The financing of these sectors needs a radical approach if new businesses are to be started and jobs created. We will urge the National Assembly to:
One of our key objectives is to ensure that Welsh-based knowledge
at the community, small business or corporate level - is utilised
National Assembly itself needs to purchase outside expertise,
and that as
much as possible of the revenue spent is retained in Wales.
Tourism makes a major contribution to the economy of Wales, The further development of sustainable tourism must involve its growing hand-in-hand with natural and community assets. This will entail protecting and strengthening our built and natural environment, and developing local facilities in tune with local community needs. Tourism must be maintained and developed under a national strategic umbrella, such as that provided by the Wales Tourist Board. However, there is a clear need for greater co-ordination between the WTB and the WDA. Both agencies should agree a joint strategy for the economic promotion of Wales and report to the Economic Affairs committee in the National Assembly.
The delivery of individual tourist facilities and ventures is in the hands of a myriad of agencies, local authorities and private operators. Community interests should be brought much more into the planning process of the Wales Tourist Board.
Welsh tourism has benefited from considerable European funding. There is room for improvement, however, and the new Structural Funds offer the opportunity to promote tourism within the wider aim of a Europe of cultural diversity, environmental sustainability and community-controlled development.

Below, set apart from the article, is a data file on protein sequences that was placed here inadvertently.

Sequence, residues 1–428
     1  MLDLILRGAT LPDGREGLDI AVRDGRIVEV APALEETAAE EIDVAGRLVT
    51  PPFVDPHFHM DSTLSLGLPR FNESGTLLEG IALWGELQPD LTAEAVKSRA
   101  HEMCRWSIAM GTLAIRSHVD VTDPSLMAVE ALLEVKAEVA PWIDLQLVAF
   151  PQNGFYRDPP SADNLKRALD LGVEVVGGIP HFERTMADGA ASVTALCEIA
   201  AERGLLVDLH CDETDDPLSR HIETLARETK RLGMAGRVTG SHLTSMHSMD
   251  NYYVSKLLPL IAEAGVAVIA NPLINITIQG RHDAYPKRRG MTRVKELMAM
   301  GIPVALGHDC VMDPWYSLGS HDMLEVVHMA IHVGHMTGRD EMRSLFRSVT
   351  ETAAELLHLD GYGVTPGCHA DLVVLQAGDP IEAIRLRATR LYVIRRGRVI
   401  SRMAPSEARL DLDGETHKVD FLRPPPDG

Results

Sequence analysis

Energy is crucial in shaping economies and societies. It is vital that the National Assembly develops an energy policy that meets the needs of a growing economy in a sustainable way.
The economic development powers of the Assembly can be used to promote such an energy policy. Plaid Cymru will use them to:
The planning system has a key role. We will operate on the basis
presumption against further open cast mining and nuclear power
in favour of renewable energy generation. Planning decisions about
and other development should consider how ecological features
- such as
solar energy, energy efficiency measures and water saving - could
Water is a vital environmental and economic asset which will be in increasingly short supply. Wales however is a water-rich country. The Party of Wales is determined that water be developed in an environmentally responsible manner in the national interest.